A Self-Publishing Writer’s Role Model. Introducing . . .

Posted by admin on Saturday Sep 22, 2012 Under Uncategorized


. . . Erika Robuck.

Three years ago when I was fishing around for what to do with my novels now that I was living so far from anything that could in any way resemble a publishing metropolis, I came across a few brave souls, pioneers, pushing forward on the vast prairies of self-publishing.

One of those very brave souls was the lovely young woman you see on the left. I read her very first blogs about her self-published women’s fiction novel Receive me Falling and ideas started percolating in my head. A voice started whispering, You can do this, Jane.

In those days before e-books, the perils of self-publishing were really daunting. Along with worrying about whether you were kamikaze-ing any future career you might wish to have or whether your book would ever be permitted to go onto the shelves of brick and mortar stores, you had to make several other decisions. Should you create your own publishing house? Should you go with one of the self-publishing firms? There were not a lot of people out there to help, and besides, you had to deal with utter contempt from anyone remotely associated with traditional publishing. And it cost big bucks.

My, how times have changed.

For the next couple of weeks, I’m going to write about the women who inspired me, who still inspire me. Today, it’s Erika.

After the birth of her first son, Erika’s life-long desire to write surfaced, and during her son’s naptimes, she completed Receive Me Falling , set on a haunted Caribbean sugar plantation.

Her son’s naptimes? Dear Lord. That in itself is inspiring, don’t you think?

After many revisions, she began the agent-query, request-for-partial, dead-silence-plus-rejection level of Dante’s Inferno that all writers are required to go through.

Her problem she began to realize from agent responses had less to do with the book than with the fact that she had no publishing credentials, no platform.

When her husband suggested she self-publish the book, she hesitated. That old stigma thing, again.

Long story short: she DID self-publish (see book cover on right). She did create a platform for herself by blogging and getting book clubs to read her novel and so on. She did create a path for other writers far away from the center of the publishing universe, so they could move forward. Thank you, Erika.

And it’s not just writers who benefit, it’s readers. There are stories you might never have heard, set in places that have never seen the light of day or the dark of printer’s ink—like my story set in Mexico, in the Condesa/ Roma neighborhood— had writers like Erika Robuck not done all this hard, scary work.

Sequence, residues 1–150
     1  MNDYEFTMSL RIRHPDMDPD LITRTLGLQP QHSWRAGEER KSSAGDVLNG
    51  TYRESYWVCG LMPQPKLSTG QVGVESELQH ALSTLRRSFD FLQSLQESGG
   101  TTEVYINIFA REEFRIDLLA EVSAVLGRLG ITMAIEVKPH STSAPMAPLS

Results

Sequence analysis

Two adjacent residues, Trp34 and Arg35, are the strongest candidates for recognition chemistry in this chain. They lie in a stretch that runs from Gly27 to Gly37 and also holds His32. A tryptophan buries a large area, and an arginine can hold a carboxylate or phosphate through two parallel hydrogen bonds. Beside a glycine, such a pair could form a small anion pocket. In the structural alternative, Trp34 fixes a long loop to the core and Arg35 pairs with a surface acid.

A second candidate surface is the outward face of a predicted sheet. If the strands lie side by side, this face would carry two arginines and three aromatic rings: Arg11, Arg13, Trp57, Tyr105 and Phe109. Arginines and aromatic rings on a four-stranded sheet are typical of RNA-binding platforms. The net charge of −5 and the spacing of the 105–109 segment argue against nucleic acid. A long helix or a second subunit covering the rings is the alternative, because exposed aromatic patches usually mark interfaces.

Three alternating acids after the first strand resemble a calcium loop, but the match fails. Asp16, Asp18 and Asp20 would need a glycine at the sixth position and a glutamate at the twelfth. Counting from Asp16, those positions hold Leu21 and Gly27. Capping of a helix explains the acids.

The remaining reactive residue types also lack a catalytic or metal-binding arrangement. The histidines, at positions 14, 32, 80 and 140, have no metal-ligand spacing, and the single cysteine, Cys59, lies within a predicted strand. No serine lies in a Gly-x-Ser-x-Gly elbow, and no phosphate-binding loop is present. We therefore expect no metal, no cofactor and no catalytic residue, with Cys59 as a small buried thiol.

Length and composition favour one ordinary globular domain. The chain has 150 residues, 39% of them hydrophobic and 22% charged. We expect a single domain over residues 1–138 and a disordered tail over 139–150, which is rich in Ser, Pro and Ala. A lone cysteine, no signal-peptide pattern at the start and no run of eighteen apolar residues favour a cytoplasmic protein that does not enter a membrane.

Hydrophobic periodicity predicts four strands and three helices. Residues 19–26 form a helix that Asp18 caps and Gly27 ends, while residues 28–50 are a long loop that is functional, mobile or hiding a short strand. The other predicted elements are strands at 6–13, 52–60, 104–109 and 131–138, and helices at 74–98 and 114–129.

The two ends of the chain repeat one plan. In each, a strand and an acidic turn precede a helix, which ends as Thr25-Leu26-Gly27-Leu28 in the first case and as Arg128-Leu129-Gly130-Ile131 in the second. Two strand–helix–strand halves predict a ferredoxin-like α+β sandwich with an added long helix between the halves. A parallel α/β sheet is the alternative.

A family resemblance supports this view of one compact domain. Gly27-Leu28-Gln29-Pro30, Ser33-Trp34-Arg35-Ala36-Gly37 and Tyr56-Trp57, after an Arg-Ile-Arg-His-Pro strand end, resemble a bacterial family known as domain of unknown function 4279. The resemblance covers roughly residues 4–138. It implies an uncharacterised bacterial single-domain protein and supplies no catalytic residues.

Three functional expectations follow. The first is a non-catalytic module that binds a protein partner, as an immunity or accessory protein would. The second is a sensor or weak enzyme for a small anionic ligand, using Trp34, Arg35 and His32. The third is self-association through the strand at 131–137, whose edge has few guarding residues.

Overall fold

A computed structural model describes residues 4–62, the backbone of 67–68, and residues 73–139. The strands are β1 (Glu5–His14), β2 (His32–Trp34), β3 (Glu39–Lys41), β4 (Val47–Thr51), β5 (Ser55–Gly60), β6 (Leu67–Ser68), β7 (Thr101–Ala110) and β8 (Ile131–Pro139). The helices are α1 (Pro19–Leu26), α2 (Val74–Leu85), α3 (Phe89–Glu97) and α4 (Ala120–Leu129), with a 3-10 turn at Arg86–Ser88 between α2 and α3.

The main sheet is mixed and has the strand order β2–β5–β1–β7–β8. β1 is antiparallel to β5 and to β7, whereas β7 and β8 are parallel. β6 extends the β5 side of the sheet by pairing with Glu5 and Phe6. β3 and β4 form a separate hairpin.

To tell you the truth, I have only recently started thinking about these women who’d inspired me. I’ve been caught up in learning to pod-cast and blog and completing all the tasks necessary to get an e-book on AMAZON. It wasn’t until I started to get close to the end that I began to remember that distant past before e-books, before iPads and Kindles, before all the wonderful writing sites and book reviewing sites.

In fact, I was reading one of my favorite book reviewing sites—Goodreads— when the book cover you see on the left popped up.

Well, I’ll be darned if it wasn’t Erika Robuck. The novel-in-progress she’d been blogging about when I last checked in had found a traditional publisher—Penguin/NAL. It was something she always wanted, and she made it happen.

If this sounds like an OPRAH moment, it is.

Anyway, you can Google Erika Robuck and read about her books and her story on her own blog. She also has lots of book reviews on that blog and interviews with writers, so if you’re looking for something to read you can get a recommendation that way.

There are going to be many, many new ways for writers and readers to connect in the future. This is especially important for voices that tend to be marginalized—women, minorities, people in rural and even suburban areas and even older people. Maybe ESPECIALLY older people. See next week’s blog about Elle Newmark who was 60 when she first published. You see, everything is changing, and I feel thrilled to be a part of this change. One small step for Jane . . .

What’s that dictum? Be the change you want to see in the world.

Okay, so what are you going to change?

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Palace of the Blue Butterfly: Chapter Nine Posted

Posted by admin on Friday Feb 3, 2012 Under Uncategorized

I love this picture of a bookstore/cafe in the historic center of Mexico City. I imagine, but I’m not certain, that the cafe is on the second floor, and that (if I were there) I could buy a book, climb the stairs, order an espresso and read a novel well above the hustle and bustle of the narrow streets.

But I’m not there. I’m sitting at my desk slooooowly proofreading my book. I remember a well- known mystery writer telling me he always held carrots in front of his nose at this point in the novel writing process. “Eight pages and I can get up and play with the cat. Eight more pages and I can make some tea. Eight more pages after that and I can check the mail.”

In order to speed things up, I’m forgoing blogging about life on the ranch this week so that I can put up another chapter. Since each one takes me about three hours to proof and post, and since life on the ranch doesn’t come to a dead stop just because I need time to do this, I’m going at a snail’s pace. But, I really want to get this book up on Amazon sooner rather than later, and in order to do that, I have to apply seat of pants to seat of chair and not drift off into some dreamy state. In my case, it’s eight more pages and I can go fill the cattle trough!

Writing is fun, but copy editing . . . uh, not so much. That’s why there were some glitches in Chapter Eight. I wandered off. The glitches have now been corrected. If you haven’t gotten that far, then just ignore this message. If you have, well I’m sorry for the pronoun confusion — there’s a reason that happened. However, now you can go back and take a look.

Rest assured that after I’ve gone through all this, a professional copy-editor will have a go at it. Then it’s off to the e-book formatter and up on Amazon. com.’s Kindle store.